Note to those who aren’t paying attention: Fischer usually holds tree pressers to distract from scandals or bad press. Sometimes to combat bad press about trees, which seems to happen frequently.

It’s real life Groundhog Day with this. Good grief.

Gen Con Should Just Move To Louisville

It’s just another day for UPS driver Mark Casey. He has 60 miles to drive, and 125 deliveries to make. [WDRB]

One deal to restore Muhammad Ali’s boyhood home appears dead, but a Philadelphia attorney says he wants to buy the site and convert it to a museum honoring the three-time Louisville heavyweight boxing champion and humanitarian. [C-J/AKN]

Way to go, JCPS, you’ve done it again. There is new information about the 5-year-old girl left alone on a JCPS school bus for hours on March 11. [WHAS11]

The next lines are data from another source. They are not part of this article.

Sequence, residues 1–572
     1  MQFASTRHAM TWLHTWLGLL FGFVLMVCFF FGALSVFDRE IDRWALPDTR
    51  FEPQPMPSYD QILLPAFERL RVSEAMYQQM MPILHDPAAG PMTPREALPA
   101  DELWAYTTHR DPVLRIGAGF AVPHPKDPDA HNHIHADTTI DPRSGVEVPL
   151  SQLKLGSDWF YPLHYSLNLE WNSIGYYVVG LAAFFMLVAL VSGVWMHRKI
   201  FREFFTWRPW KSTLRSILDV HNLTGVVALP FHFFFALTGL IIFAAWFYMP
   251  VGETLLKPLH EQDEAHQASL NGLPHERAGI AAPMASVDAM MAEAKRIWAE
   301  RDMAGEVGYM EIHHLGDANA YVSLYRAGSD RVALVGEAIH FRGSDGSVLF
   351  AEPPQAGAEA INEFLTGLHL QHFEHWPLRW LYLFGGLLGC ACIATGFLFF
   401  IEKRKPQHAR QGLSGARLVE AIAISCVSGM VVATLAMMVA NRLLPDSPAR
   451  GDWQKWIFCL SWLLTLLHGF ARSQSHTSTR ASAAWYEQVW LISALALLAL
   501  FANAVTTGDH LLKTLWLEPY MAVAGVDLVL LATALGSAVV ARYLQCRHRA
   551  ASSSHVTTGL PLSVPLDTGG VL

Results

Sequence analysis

Told ya Jamie Comer is in one of the biggest CYA moves in the history of gubernatorial primary politics in Kentucky. HUGE MEGA PEE ALERT! Commissioner of Agriculture James Comer’s claim that Kentucky had lost 50,000 jobs had disappeared from his campaign website. [H-L]

WARNING! RIDICULOUS AUTOPLAY VIDEO! Three weeks after he was shot in a West Louisville neighborhood, 13-year-old Tay Reed returned to school. [WLKY]

The number of uninsured U.S. residents fell by more than 11 million since President Barack Obama signed the health care overhaul five years ago, according to a pair of reports Tuesday from the federal Centers for Disease Control and Prevention. [HuffPo]

A(sic) inmate who had been placed into the Home Incarceration Program is charged with escape after he walked out of the Hall of Justice and tried to leave. [WAVE3]

Thirty-one stats(sic) have water supplies dipping below normal. Droughts have formally been declared in 22 of them. How we use water has never been more important, especially in the American Southwest, where drought conditions are the most severe in a generation — and could last another 1,000 years. [ProPublica]